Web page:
Others in the town were angry at the sheriff and formed the "Moderators" as "friends of law and order." Sixty White men became vigilantes as the "committee of safety."

Those citizens sympathetic to the Ashworths became known as the "Regulators." For the next few weeks, Madison and Orange County were involved in their own civil war. Looking back, there were no good guys.

R.E. Russell, who moved to Madison as a boy with his family in 1854, wrote a memoir in 1911. He recalled that people living in town were afraid of the violence and did not burn candles at night. There were no lanterns at the time, and people were even afraid to sleep in their own beds.

The Moderators for "law and order" got infamous gunfighter Jack Cross of West Texas to fight on their side. On June 15, 1856, Cross got into an argument in town with Burwell Alexander and shot him in the neck. Dr. Mairs saw the shooting and went to help his friend. Cross shot the doctor in the head.

The Moderators kicked Glover out of office and took over. They told all the Ashworths and their supporters to leave the county or be killed.

During the war, houses were burned. The Moderators set the largest sawmill in town, along with the cut lumber, on fire when they thought Sam might be hiding there.

The fighting went on for two months and at least 12 men were killed.

Finally, a posse of Moderators on horses traveled north of town and tracked down Glover. He was found hiding in a house next to a house where his uncle, Jack Moore lived. Turns out his uncle was an accomplished counterfeiter of bills, bonds and land deeds. Jack Moore's printing plates and other equipment were also found.

Accounts vary on whether Glover knew his uncle was breaking the law. The posse shot and killed the counterfeiters and then shot and killed Glover. Finding the counterfeiters made the Moderators heroes in some news accounts.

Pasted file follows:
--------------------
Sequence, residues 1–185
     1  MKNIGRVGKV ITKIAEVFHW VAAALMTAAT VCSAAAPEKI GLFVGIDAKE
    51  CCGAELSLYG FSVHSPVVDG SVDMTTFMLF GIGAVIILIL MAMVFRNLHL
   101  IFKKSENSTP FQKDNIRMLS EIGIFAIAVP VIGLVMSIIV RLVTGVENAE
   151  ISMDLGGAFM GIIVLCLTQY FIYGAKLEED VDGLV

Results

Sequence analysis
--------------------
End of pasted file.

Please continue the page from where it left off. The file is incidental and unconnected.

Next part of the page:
Their effort to get rid of the mixed-race people of Orange County was successful. Some Ashworths went back to Louisiana. Others tried to stick it out, but their fortunes dwindled. Some of their land and cattle could have been taken illegally.

In 1860, the once wealthy Aaron had only a few acres and 20 head of cattle. Jefferson County, which included Orange, had 63 free people of color in the 1850 census. By 1860, Jefferson and Orange counties had only 27 free people of color.

Sam escaped west and reportedly joined the Confederate army when the U.S. Civil War broke out. He was said to be killed at the Battle of Shiloh.

18-year-old Jack Bunch, his cousin, was arrested near Columbus, Texas, and brought back for trial. The trial was moved to Beaumont on a change of venue. Jack was found guilty and executed by a cruel hanging. He was atop a ladder with the rope around his neck. The ladder was twisted around many times and then removed. He spun as he was choked to death.

One famous writer about the Orange County War of 1856 was Frederick Law Olmstead. In 2022, the country celebrated the 200th anniversary of his birth. He was the country's first landscape architect and is famous for designing New York's Central Park and the Chicago World's Fair of 1893, where Frances Ann Lutcher bought the first stained glass windows for the future First Presbyterian Church in Orange.

Keanu Reeves has been cast to play Olmstead in a Martin Scorsese production of the best-selling book, "Devil in the White City" about the fair and a serial killer.

Olmstead traveled through Texas on horseback in 1856 for the New York Times and published a book of his travels in the book "A Journey through Texas: Or a Saddle-Trip on the Southwest Frontier." Though he did not come to Orange County, he heard stories of the Ashworths and the "Orange County War of 1856" and wrote about Regulators and Moderators.